b.     Given that it is impossible for marginalized people to engage in public reasoning processes without being nurtured by certain webs of relations which first recognize them as persons, what can be done, at the grass-root level, to revert processes of urban segregation and exclusion? It is a fact that the usual approach of international agencies is to build adequate governance structures. While this remains indispensable, it should not be the only focus. While rushing to create multi-party parliamentary systems, independent judiciaries, free press, etc. one should not forget the bottom-up way. Even with the best of governance and a visionary leadership, if there is no inclusive development allowing people to cooperate among themselves, those institutions will never function properly. What should be done in this respect?

c.     The social economy has been reinvigorated in recent decades. Yet it has enormous, untapped potentials to be put to work. Which strategies are needed to provide the institutional and practical support which social economy organizations require if they are to be able to face the inclusion challenge? The experience of social businesses demonstrates that people can be active in creating their own work and enterprises. An economic system is like a natural environment. It requires diversity to strengthen its resilience. It follows that the many different organizational forms (cooperatives; B-corporations; for profit corporations; social businesses; ethical banks; social agriculture, etc.) should be sustained. They contribute to the generation of social capital, as well as economic value. Which proposals can be advanced to avoid that inadequate regulation might harm this biodiversity by favouring the “one-size-fits-all” thesis?

d.     It is well accepted that one of the most effective route towards inclusive solidarity is the promotion of decent work for all workers in all sectors of the economy, including the informal economy. In 1999, ILO proposed to include the Decent Work Agenda within the post-2015 Development Agenda. Not much has been done so far. So, what should be done in this regard? In 2016, ILO will start a round of discussions about the Decent Work in Global Supply Chains (GSCs). What has to be the role of multinationals in this regard? Are the “Ruggie Principles” strong enough to guarantee the promotion of decent work in GSCs? How to adjust the international labour standards to take into consideration the specificities of the various geographical areas, avoiding the risk of using the concept of decent work as a tool to encourage excessive protectionist policies? Which actions policy-makers should take in order to promote access to decent jobs to all segments of society and to promote access to education for skills?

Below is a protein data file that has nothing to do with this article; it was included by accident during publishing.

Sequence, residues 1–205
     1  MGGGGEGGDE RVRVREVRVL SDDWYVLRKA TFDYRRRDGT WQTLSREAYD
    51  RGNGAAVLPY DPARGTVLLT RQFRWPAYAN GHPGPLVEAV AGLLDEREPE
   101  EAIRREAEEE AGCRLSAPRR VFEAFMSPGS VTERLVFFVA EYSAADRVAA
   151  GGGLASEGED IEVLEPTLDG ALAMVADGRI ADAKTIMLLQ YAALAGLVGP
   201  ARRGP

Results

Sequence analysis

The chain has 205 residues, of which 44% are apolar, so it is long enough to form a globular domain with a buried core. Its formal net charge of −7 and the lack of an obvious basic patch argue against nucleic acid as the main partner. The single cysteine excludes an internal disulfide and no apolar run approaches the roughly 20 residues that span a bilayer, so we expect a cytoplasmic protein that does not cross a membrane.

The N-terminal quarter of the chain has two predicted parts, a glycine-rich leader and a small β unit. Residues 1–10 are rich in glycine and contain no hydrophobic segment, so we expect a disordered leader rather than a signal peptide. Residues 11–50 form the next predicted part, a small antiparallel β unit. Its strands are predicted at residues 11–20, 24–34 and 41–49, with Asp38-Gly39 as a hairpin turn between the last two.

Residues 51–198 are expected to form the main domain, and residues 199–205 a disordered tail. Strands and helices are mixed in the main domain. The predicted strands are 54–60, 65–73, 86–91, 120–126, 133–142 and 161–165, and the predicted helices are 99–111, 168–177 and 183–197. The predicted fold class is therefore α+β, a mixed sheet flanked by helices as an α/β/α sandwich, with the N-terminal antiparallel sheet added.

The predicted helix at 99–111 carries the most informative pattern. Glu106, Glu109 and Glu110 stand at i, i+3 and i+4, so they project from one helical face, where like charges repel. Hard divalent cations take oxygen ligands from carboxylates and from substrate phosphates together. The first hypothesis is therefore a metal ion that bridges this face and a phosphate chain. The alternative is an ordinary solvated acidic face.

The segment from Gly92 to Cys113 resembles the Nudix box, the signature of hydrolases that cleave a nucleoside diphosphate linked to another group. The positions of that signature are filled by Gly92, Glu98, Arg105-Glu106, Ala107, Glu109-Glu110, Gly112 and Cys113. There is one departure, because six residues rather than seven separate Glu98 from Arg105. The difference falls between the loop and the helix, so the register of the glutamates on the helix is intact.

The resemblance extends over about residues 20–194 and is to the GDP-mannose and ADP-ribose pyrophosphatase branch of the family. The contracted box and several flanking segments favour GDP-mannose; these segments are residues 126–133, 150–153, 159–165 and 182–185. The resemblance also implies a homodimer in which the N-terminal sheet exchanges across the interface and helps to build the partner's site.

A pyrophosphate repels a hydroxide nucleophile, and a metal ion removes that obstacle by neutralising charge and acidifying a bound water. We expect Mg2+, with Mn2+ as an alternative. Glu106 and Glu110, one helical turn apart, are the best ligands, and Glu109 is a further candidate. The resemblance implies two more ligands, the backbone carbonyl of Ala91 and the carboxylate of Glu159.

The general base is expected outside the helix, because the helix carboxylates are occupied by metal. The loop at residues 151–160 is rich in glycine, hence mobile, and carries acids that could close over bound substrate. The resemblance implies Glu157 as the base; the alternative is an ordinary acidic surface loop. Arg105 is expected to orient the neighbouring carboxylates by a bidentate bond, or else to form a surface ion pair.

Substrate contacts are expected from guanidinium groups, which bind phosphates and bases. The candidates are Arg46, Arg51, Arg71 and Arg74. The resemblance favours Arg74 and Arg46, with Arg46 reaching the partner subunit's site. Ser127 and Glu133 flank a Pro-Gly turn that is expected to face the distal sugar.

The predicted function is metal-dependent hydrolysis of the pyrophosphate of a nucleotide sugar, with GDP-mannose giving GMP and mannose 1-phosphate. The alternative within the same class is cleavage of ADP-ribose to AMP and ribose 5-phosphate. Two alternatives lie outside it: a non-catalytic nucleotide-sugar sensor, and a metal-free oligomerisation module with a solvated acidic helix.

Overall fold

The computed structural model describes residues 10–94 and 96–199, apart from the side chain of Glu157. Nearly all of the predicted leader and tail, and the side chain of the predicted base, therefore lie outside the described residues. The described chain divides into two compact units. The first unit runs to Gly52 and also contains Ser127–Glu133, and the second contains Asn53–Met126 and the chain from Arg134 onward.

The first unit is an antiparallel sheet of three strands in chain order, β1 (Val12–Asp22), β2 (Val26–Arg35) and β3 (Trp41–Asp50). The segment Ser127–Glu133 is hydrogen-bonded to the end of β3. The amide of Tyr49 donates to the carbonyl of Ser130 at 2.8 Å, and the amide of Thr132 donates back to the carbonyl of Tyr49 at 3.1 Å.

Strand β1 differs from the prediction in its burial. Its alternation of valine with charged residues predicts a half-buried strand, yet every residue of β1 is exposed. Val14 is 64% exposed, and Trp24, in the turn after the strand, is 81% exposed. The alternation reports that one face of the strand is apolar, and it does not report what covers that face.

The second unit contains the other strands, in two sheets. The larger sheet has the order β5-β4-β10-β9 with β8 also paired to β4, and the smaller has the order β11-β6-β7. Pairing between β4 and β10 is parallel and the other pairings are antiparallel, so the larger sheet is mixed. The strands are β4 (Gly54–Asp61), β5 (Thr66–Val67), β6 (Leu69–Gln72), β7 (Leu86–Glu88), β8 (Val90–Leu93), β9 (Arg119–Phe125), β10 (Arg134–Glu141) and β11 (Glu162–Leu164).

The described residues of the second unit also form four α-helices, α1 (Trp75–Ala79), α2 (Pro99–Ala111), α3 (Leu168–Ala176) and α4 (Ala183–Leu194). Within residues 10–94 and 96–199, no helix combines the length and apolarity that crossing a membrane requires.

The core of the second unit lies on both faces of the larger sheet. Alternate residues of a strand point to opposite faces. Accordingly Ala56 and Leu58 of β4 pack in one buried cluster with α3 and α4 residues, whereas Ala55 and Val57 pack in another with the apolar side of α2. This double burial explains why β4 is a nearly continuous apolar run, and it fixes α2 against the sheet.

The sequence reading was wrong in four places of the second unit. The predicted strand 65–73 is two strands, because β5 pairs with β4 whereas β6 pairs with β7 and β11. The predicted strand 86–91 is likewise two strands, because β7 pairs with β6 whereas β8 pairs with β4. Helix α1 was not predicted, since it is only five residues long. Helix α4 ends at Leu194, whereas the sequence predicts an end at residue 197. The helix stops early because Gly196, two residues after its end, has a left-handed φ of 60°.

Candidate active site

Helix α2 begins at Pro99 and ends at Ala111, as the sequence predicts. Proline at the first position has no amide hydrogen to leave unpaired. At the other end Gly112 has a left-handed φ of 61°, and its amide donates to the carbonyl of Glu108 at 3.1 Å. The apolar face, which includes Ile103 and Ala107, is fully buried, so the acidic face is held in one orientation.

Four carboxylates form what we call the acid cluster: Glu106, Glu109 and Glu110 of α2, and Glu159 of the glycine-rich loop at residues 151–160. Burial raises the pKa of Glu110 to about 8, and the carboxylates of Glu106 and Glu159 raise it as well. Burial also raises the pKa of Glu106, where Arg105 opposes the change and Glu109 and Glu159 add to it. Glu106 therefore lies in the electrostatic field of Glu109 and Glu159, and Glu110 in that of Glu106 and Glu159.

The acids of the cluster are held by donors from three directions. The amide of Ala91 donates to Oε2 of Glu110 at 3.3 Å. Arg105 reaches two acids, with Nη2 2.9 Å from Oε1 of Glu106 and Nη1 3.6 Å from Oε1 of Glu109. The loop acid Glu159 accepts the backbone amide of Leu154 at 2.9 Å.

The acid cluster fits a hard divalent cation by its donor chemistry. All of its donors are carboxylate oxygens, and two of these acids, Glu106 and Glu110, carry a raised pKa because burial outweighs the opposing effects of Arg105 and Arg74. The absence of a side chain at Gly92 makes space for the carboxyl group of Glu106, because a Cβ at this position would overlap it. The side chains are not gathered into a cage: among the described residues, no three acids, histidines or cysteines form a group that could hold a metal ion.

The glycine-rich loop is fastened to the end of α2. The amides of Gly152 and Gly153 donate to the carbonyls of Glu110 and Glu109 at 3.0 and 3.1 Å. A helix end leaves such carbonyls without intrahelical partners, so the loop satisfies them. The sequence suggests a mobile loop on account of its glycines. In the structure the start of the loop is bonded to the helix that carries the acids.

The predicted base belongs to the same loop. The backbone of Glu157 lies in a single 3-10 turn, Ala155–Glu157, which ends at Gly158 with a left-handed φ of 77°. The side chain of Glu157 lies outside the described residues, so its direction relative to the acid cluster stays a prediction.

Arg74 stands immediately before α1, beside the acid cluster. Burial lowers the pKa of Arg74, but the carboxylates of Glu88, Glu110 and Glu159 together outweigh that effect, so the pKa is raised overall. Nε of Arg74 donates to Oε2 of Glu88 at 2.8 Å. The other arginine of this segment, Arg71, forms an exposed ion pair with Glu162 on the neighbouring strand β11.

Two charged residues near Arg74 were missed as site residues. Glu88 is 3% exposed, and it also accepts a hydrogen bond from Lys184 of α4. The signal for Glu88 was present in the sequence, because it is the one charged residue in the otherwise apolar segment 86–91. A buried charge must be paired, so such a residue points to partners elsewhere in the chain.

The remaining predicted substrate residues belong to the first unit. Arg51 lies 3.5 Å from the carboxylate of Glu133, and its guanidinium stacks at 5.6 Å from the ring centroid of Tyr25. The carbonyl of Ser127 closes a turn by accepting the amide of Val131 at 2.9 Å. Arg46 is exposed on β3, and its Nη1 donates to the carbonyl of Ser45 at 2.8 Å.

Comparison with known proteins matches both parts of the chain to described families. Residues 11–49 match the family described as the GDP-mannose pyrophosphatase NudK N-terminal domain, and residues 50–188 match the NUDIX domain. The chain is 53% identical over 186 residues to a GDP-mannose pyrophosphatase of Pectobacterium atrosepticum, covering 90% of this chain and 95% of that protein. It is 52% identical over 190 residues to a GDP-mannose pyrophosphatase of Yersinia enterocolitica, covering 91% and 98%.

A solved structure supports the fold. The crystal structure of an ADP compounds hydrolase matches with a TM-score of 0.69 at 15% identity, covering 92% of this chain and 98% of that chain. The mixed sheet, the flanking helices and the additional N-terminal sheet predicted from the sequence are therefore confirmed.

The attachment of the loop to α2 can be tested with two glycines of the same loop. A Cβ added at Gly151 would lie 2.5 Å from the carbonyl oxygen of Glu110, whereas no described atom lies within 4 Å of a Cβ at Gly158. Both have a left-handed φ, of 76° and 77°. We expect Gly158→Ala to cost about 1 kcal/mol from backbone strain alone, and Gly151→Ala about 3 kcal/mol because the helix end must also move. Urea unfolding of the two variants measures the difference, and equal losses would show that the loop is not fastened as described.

e.     Even during high growth, the economy often becomes exclusive leading to inequality and considerable wastage of social assets. The challenge is to identify and promote complementary economic models, innovative infrastructures, collaborative spaces that match otherwise wasted assets with social and economic needs. How to make these new sharing models both financially viable and operationally inclusive? In particular, how to cope with the sharp increase in land-acquisition by foreign firms and foreign government agencies.

f.      It has been empirically confirmed that Schumpeterian creative destruction generates a double effect on subjective well-being: a negative force through the higher risk of displacement (e.g. consider the impact of intelligent robots on job elimination) and a positive force through higher growth expectations. Is there a viable strategy to pursue so that the positive effect outweighs the negative one? Evidence suggests that specific and new welfare policies offer an important contribution to this end; in particular with regard to NEET youngsters. How should we conceptualize an up-dating of the traditional welfare state in the direction of a new relational welfare system where expressions such as social governance by networking, co-production, circular subsidiarity, social innovation and the like can find their proper expressive way?

g.      In recent times, financial global development has been accompanied by amplified economic volatility. Due to the heavy public cost of the bail-out processes, the financial sector is undergoing profound change, both through added regulation and through internally promoted reform. The call to give this reform a human and ethical perspective also involve the idea of inclusive finance, i.e. finance that helps fight exclusion. Which actions should be implemented to this end? Should one be satisfied with the multilateral work led by the OECD/G20 on the Automatic Exchange of Tax Information and Base Erosion and Profit Shifting (BEPS) and in confronting the “too big to fail” problem in the international banking system?